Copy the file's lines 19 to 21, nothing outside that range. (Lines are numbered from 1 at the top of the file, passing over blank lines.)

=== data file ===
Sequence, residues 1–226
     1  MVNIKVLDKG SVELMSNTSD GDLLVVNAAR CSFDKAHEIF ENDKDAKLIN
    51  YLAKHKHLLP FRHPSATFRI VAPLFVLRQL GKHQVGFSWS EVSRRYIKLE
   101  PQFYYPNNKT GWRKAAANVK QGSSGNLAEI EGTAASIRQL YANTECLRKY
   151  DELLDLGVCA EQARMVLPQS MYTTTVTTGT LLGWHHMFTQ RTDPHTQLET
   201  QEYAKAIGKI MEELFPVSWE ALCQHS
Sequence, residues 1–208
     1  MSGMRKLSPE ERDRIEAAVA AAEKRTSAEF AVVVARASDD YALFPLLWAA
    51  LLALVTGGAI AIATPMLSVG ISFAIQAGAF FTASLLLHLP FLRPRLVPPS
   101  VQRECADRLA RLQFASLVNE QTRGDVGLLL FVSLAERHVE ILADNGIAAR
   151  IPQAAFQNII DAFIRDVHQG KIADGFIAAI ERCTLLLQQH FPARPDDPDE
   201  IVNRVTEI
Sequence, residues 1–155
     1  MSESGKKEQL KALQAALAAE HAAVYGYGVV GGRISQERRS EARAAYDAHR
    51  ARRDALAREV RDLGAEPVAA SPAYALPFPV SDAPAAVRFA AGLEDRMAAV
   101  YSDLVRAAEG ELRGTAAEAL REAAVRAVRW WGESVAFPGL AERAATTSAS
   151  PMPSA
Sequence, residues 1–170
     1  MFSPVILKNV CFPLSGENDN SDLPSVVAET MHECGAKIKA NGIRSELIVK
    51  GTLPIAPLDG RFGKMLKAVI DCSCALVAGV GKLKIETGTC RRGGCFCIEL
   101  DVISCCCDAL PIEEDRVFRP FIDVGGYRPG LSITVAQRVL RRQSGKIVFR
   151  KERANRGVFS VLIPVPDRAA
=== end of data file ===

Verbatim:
     1  MFSPVILKNV CFPLSGENDN SDLPSVVAET MHECGAKIKA NGIRSELIVK
    51  GTLPIAPLDG RFGKMLKAVI DCSCALVAGV GKLKIETGTC RRGGCFCIEL
   101  DVISCCCDAL PIEEDRVFRP FIDVGGYRPG LSITVAQRVL RRQSGKIVFR